The Daily Pennsylvanian is a student-run nonprofit.

Please support us by disabling your ad blocker on our site.

sprint-football-jack-hennigan
Credit: Gary Lin

Jack Hennigan had never heard of sprint football before his first visit to Franklin Field. Four years later, the senior linebacker is the behind-the-scenes leader of Penn sprint football. 

Hennigan, a native of Manchester, Mass., excelled as a two-sport athlete in high school, lettering in both football and lacrosse. Hoping to continue his football career, Hennigan attended several football camps, including one for Penn’s varsity team. While the camp ultimately led to Hennigan’s recruitment, it wasn’t for the team he originally planned.

“I came down to Penn during the summer [of] my junior year for the big team’s football camp and [had] never heard of sprint before,” Hennigan said. “[Coach Bill Wagner was] on the sideline [and] just pulled me off to the side, told me what sprint [football] was and started recruiting me from there.”

From the moment he stepped onto the field, Hennigan was a playmaker. In his freshman year, he tallied two interceptions in four games as a defensive back on Penn’s 2016 Collegiate Sprint Football League (CSFL) championship team. For Hennigan, his freshman year went on to define the rest of his time at Penn.

“My freshman year, [I] came into a team that had a mission and had a goal. They were [an] unbelievable leadership team, so they taught me a lot, [and I] try to emulate what they did,” Hennigan said. “That senior group my freshman year really helped to shape the rest of my three years here.”

Credit: Gary Lin

After his freshman year, Hennigan's role on the team continued to grow. In his sophomore year, Hennigan tallied 20 tackles and an interception in seven games. He built on that success with a strong junior year in which he recorded 17 tackles, one sack, and 1.5 tackles for a loss. Even with impressive stats, Hennigan’s strongest contribution to the sprint football team has been his versatility.

“Every year, [Hennigan has] a bigger and bigger role with the team. [He] started out as a defensive back, moved to linebacker, and eventually moved to defensive line,” senior linebacker Matteo Murgia said. “It’s wherever the team needs him. He does that role well.”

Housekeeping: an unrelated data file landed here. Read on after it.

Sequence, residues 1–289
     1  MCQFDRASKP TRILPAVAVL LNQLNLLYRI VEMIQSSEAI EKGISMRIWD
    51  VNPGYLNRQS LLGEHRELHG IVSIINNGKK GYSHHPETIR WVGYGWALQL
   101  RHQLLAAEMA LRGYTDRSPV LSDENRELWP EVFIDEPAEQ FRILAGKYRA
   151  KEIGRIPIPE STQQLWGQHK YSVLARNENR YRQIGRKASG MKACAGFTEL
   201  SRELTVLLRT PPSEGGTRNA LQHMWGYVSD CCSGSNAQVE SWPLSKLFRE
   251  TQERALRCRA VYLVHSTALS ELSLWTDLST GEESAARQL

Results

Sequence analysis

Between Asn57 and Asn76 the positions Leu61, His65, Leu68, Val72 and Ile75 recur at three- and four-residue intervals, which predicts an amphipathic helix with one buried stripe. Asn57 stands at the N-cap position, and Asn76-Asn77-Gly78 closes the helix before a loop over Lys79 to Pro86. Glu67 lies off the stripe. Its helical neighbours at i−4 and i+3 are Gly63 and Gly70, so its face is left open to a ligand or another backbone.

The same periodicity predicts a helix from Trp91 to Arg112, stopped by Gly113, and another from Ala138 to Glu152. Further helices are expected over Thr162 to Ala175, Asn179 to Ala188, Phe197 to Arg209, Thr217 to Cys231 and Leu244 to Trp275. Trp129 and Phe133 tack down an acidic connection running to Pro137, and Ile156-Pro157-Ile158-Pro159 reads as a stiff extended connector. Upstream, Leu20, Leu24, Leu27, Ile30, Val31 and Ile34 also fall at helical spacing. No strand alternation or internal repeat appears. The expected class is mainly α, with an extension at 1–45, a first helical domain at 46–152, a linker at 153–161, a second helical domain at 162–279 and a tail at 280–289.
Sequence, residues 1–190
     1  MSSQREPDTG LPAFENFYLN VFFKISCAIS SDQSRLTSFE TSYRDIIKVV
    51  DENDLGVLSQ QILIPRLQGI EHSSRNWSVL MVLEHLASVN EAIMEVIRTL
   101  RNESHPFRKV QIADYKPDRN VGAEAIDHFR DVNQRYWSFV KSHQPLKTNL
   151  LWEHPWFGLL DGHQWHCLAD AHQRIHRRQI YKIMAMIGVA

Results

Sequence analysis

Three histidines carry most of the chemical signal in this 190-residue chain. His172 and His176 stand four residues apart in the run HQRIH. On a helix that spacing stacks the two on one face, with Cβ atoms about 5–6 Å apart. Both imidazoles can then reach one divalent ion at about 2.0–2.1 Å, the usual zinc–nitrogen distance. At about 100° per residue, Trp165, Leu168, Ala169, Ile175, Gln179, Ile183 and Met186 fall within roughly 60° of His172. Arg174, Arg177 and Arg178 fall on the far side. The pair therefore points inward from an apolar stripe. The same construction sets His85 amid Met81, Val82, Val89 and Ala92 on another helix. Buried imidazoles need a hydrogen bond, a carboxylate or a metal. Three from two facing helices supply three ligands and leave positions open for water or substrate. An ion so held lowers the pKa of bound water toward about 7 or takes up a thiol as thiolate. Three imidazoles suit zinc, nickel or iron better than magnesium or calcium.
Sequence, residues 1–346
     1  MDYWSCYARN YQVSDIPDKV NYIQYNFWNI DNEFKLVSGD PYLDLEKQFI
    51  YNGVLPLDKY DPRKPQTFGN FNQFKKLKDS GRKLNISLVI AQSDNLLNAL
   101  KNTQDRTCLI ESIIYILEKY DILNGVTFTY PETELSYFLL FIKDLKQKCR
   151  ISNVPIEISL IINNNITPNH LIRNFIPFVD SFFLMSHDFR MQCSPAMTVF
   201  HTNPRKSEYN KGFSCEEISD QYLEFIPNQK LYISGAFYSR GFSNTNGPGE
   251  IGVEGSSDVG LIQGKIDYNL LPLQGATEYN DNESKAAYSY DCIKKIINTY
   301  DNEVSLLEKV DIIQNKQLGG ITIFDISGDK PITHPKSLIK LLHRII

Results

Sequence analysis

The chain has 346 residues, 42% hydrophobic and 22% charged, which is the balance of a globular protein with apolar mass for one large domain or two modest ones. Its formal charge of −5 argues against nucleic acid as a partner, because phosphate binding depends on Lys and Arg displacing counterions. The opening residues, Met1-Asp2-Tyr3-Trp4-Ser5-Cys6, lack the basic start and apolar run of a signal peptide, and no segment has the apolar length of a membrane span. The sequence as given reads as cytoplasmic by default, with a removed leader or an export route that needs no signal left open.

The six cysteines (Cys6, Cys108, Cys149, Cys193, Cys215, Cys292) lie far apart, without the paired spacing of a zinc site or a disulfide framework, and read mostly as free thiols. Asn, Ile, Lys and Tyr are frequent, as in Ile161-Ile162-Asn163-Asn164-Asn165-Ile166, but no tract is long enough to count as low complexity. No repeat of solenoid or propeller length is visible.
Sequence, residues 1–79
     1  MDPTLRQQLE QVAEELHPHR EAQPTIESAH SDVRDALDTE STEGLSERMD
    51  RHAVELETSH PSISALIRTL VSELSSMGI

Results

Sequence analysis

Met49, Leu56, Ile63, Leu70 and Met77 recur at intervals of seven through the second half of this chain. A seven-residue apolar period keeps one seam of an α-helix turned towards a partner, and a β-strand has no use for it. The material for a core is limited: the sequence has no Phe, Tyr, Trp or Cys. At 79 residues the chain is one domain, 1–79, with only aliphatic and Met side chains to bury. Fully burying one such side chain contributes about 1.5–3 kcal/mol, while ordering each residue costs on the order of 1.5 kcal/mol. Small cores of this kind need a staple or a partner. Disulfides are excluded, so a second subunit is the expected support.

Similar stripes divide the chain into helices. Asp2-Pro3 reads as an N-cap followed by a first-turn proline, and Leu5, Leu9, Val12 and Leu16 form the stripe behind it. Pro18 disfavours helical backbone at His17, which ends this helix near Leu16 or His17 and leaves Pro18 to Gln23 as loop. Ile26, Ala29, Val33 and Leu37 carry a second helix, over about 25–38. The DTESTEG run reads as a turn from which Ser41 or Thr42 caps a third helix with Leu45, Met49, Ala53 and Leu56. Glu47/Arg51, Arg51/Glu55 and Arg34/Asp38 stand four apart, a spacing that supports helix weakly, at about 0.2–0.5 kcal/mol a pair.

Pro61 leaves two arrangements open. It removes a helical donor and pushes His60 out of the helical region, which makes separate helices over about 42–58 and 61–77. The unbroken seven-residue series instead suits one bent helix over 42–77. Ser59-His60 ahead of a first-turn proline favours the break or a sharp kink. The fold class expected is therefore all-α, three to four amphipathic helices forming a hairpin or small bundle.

This year, Hennigan has occupied a consistent spot on the defensive line. Through only five games, the senior has recorded 19 tackles, four of which have resulted in a loss.

In spite of his strong on-field performances, Hennigan chooses to remain focused on the success of the team and his love of the game. To Hennigan, as long as plays are made, it doesn’t matter who makes them.

“You can see it in practice when we might have a slow start or something, and Hennigan’s always the guy that says ‘Guys we need to pick it up, we need more energy, we need more effort in this practice,’” defensive line coach Sam Biddle said. “You can tell that he just loves to be out there and play football. He’s a smart kid that you know you’re going to get a 100% effort every play.”

After their recent loss to Navy, the Quakers were eliminated from CSFL title contention, leaving only two more games in Hennigan’s playing career. Although his on-field journey may be coming to a close, he is determined to maintain close ties with the Penn sprint football community.

“[I] can’t wait to come back next year for the alumni game and play in that. [I] absolutely will keep in touch with all the guys as they continue their careers here,” Hennigan said. “[I’ll] try to come back for as many games as possible. [I’m] looking forward to the next chapter.”

If one thing is for certain, it’s that Hennigan’s life has been shaped by his experiences playing sprint football. Through sprint, Hennigan has found a family, a purpose, and a love of the game. 

All comments eligible for publication in Daily Pennsylvanian, Inc. publications.